A recent laboratory experiment reproducing the same conditions as on the two planets has shown that diamond showers do exist on Neptune and Uranus.
The forgotten planets
Neptune and Uranus, the furthest planets in our solar system, have often been neglected. But a new study by scientists has given these forgotten blue giants a glamorous twist: projections of diamonds beneath their planetary surface. The researchers conducted a laboratory experiment that suggests that a remarkable chemical process probably takes place in the deep atmospheres of Uranus and Neptune. The new study was published in the journal Nature in May 2020.
Based on the data collected on these planets, scientists know that both Neptune and Uranus have extreme environmental conditions thousands of kilometres below their surface, where they can reach heat levels of several thousand degrees and high pressure levels, despite their icy atmospheres (around -220°C) which have earned them the nickname of ice giants.
A hypothesis to be tested
A team of international scientists, including researchers from the US Department of Energy’s SLAC National Accelerator Laboratory, conducted an experiment to closely mimic the inner conditions of the planets and establish what happens inside them.
Given the extremely high pressure inside the two planets, the group’s working hypothesis was that the pressure was high enough to separate the hydrocarbon compounds inside the planets into their smallest forms, which would then harden the carbon into diamonds.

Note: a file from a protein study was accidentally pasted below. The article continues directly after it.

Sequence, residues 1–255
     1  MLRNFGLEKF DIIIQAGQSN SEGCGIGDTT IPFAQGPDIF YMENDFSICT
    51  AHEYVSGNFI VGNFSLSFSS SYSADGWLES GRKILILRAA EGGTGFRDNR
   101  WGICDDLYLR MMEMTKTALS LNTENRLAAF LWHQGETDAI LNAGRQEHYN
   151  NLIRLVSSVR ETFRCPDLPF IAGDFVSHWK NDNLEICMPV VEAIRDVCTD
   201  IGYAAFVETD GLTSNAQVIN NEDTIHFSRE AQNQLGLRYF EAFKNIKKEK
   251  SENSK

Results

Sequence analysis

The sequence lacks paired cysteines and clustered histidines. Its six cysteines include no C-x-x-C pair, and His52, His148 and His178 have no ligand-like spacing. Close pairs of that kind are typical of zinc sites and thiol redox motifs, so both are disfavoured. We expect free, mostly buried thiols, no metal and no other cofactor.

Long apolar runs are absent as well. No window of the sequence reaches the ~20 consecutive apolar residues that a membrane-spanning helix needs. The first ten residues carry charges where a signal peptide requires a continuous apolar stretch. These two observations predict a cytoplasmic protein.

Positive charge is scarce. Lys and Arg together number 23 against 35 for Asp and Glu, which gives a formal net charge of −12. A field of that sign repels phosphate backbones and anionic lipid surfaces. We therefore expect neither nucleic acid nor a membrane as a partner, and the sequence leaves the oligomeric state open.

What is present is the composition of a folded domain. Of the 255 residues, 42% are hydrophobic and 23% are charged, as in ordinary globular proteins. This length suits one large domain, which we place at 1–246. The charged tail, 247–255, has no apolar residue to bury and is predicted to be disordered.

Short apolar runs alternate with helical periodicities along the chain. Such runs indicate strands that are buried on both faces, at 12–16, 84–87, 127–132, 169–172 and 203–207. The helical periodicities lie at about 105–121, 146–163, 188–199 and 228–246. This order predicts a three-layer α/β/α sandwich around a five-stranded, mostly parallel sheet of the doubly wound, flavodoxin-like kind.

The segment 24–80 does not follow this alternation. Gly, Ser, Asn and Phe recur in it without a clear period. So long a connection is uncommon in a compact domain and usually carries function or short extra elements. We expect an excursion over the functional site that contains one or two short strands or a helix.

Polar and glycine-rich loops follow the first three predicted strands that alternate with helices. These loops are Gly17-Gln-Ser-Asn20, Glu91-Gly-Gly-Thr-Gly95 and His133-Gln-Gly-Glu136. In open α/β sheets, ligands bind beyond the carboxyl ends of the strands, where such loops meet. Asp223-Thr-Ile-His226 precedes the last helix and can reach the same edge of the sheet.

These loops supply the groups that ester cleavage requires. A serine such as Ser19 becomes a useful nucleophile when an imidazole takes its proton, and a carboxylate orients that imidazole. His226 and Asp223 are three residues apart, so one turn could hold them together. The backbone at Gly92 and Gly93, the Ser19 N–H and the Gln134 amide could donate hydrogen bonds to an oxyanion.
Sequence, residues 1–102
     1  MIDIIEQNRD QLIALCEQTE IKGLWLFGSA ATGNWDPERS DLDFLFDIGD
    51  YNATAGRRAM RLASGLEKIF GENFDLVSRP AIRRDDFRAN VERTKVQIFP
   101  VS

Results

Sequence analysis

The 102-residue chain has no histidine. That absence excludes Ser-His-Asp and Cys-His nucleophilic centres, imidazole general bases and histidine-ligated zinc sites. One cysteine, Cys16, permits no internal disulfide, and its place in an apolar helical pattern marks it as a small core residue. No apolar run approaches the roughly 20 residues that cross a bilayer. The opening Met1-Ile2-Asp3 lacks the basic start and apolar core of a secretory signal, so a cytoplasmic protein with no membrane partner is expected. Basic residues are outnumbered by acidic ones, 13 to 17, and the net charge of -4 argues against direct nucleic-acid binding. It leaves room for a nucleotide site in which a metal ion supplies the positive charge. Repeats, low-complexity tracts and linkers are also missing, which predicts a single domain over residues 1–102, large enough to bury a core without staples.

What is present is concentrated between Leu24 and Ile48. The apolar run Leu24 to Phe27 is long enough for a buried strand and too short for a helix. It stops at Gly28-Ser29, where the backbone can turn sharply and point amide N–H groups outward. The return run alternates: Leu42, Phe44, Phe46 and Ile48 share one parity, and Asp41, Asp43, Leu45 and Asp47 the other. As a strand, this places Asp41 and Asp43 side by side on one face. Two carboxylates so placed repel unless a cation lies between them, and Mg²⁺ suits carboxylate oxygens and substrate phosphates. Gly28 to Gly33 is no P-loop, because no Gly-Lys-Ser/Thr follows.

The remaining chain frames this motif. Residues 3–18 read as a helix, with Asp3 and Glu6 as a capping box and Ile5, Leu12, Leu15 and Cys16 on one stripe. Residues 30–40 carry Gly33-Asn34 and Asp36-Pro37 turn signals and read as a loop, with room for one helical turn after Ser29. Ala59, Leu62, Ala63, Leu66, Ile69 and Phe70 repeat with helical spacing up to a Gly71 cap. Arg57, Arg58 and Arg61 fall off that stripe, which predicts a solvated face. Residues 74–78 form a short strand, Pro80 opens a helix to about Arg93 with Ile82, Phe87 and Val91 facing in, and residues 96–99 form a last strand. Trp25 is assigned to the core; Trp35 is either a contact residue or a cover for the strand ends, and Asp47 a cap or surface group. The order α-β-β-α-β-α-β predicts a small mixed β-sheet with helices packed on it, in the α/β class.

Reproducing the diamond rain
They therefore decided to test the diamond rain theory using an experimental technique never used before. Previously, the researchers had used SLAC’s Linac Coherent Light Source (LCLS) X-ray laser to obtain an exact measurement of the creation of “hot dense matter”, a high-pressure, high-temperature mixture that scientists believe was at the heart of ice giants such as Neptune and Uranus.
In addition, the researchers also used a technique called “X-ray diffraction” which takes “a series of snapshots of how samples react to laser-generated shock waves that mimic the extreme conditions found on other planets”. This method worked very well with crystal samples, but was not suitable for examining non-crystals that have more random structures.
However, in this new study, the researchers used a different technique called “Thomson X-ray scattering” which allowed the scientists to accurately reproduce the diffraction results while observing how the elements in the non-crystalline samples mixed.
Using this scattering technique, the researchers were able to reproduce the exact diffractions of a hydrocarbon that separated into carbon and hydrogen as inside Neptune and Uranus. The result was the crystallisation of the carbon by the extreme pressure and heat of the environment. This would probably result in a rain of diamonds almost 10,000 km underground, slowly sinking towards the nuclei of the planets.
New forms of fusion energy?
This research provides data on a phenomenon that is very difficult to model by computer: the ‘miscibility’ of two elements, or the way they combine when mixed,” said LCLS project director Mike Dunne. “Here they see how two elements separate, like mayonnaise separating again into oil and vinegar. The successful laboratory experiment using the new technique will also be useful for examining the environment of other planets.
“This technique will allow us to measure interesting processes that are otherwise difficult to recreate,” said Dominik Kraus, a scientist at the Helmholtz-Zentrum Dresden-Rossendorf, a German research institute, who led the new study. “For example, we will be able to see how hydrogen and helium, elements found inside gas giants such as Jupiter and Saturn, mix and separate under these extreme conditions”. He added: “This is a new way to study the evolutionary history of planets and planetary systems and to support experiments towards potential future forms of fusion energy”.